Mama called out my name and shoved me a little to wake me up. I sat up and rubbed my eyes. I wasn’t mad at her for cutting my trip to dreamland, because I was used to this — Mama does this for at least once a week.
I looked outside the family bedroom’s window and saw a huge truck parked outside our house. I saw my name, printed in glow-in-the-dark stickers, pasted on its hood. Iara Paulina, read the letters placed just above its headlights.
I noticed a light between the bottom of the door and the floor and immediately got up, even though it was only past midnight and I needed to have at least eight hours of sleep as a 5-year-old. He’s here, I thought.
The brightness of the fluorescent light of our living room felt blinding. I knitted my brows, squinted and blinked a couple of times, until I saw a figure sitting on our sofa. He was smiling wide, showing off the gap where some of his teeth used to be.
“Papa!” I shouted, giggling. I ran to him and he circled his arms around my body. I felt his calloused hands pressing against my skin. He kissed the top of my head and I buried my face in his jacket.
Papa smelled like cigarette smoke and car air freshener. I hated both smells because they made me dizzy and nauseous, but I still held on to him.
I heard a rustle and pulled away from him, then I noticed that he was pulling something out of a plastic bag. He fished two boxes from the bag; the first one was the size of a school notebook, and the other was about as big as a cell phone. Both had a combination of red and blue colors and had faces of “Voltes V,” an old TV cartoon about a team of five people operating a huge robot to defend earth from horned humanoid aliens.
Papa and I used to watch “Voltes V” together on weekends, and he said that he, too, watched the show as a kid. He opened the bigger box first, and it produced parts of Voltes V. I sat beside him and started picking up the robot’s pieces, happy that I was able to create my own “Super Electromagnetic Machine Voltes V.”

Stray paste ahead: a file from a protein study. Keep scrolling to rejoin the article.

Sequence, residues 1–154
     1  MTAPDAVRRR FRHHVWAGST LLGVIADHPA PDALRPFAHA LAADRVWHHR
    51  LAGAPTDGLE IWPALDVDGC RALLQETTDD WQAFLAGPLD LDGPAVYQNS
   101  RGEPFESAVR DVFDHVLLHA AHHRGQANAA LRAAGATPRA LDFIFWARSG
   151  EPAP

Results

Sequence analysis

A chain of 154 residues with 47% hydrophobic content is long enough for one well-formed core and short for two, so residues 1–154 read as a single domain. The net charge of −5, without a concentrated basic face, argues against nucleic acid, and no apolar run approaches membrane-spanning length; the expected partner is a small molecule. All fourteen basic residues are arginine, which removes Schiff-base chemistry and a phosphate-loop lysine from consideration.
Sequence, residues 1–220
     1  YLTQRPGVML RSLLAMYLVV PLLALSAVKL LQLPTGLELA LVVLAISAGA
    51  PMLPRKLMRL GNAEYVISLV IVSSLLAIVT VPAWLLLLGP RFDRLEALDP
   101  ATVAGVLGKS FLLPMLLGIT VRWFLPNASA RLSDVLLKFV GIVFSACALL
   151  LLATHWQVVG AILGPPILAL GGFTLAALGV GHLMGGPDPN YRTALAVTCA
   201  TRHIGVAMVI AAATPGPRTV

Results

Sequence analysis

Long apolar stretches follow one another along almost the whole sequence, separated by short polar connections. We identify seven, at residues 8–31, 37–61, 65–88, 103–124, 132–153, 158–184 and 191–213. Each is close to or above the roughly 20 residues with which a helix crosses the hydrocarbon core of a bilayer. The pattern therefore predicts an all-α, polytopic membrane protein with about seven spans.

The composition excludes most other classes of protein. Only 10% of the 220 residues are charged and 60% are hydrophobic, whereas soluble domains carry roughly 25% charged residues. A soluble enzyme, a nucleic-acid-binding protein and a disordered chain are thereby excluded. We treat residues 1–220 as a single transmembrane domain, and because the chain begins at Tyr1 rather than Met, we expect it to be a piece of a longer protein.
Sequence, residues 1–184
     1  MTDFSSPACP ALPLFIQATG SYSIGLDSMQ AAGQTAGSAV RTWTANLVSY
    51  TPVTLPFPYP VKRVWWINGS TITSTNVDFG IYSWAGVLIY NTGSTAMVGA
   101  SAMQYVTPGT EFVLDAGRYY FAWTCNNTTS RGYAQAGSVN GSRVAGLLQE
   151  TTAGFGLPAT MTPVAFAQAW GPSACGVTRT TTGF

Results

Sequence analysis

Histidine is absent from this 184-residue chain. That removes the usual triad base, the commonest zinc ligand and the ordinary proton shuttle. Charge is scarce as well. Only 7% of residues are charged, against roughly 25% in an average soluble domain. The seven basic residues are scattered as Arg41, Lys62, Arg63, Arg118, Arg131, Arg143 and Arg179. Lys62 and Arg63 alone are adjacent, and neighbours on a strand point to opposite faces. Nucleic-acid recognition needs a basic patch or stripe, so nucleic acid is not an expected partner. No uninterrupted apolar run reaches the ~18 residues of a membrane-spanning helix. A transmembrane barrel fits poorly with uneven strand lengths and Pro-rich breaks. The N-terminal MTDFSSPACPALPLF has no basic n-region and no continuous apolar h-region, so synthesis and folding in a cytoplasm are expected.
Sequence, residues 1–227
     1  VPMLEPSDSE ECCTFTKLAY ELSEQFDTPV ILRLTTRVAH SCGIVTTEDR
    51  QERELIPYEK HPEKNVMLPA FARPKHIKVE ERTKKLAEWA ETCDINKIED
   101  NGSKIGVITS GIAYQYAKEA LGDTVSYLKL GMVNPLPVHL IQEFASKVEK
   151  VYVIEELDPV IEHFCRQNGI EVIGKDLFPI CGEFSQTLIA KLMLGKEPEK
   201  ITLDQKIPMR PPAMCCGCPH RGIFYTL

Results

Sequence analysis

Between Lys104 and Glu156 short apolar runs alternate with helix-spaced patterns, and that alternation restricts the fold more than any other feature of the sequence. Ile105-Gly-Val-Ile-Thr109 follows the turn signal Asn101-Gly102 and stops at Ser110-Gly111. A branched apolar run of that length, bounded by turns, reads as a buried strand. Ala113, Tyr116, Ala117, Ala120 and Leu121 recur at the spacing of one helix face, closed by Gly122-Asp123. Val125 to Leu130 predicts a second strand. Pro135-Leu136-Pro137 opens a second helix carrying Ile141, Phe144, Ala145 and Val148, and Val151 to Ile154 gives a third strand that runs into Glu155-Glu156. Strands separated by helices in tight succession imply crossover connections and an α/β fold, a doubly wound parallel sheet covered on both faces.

Papa opened the smaller box, and it also contained chunks of my favorite robot, only smaller. I put the fragments on the floor and started assembling the foot of the robot.
“Matulog ka na, may pasok ka pa bukas. Bukas mo na gawin ‘yan,” I heard Mama say.
I didn’t want to go back to our bedroom because I wanted to finish building my toy. But I also didn’t want to be late for school in the morning, and I was afraid that my mother would scold me if I didn’t obey.
Papa’s encouragement for me to go back to sleep was the push I needed to tuck myself in. I went back to our bedroom and left my father picking up little robot pieces from our living room floor.
When I woke up the next day, I saw two figures at the tabletop of our living room’s “lamesita.” Voltes V was there, standing proud alongside a smaller version of him. I grabbed both and showed it to my mother who was at the kitchen. I peered at the kitchen door and noticed there was no longer a truck that blocked our view of the neighbors.
About a week passed before Mama woke me up at midnight again before I smelled that mix of cigarette smoke and car air freshener again, and I saw the truck that had my name on its hood.
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Iara Paulina C. Raymundo, 20, is a communication arts student at the University of the Philippines Los Baños.
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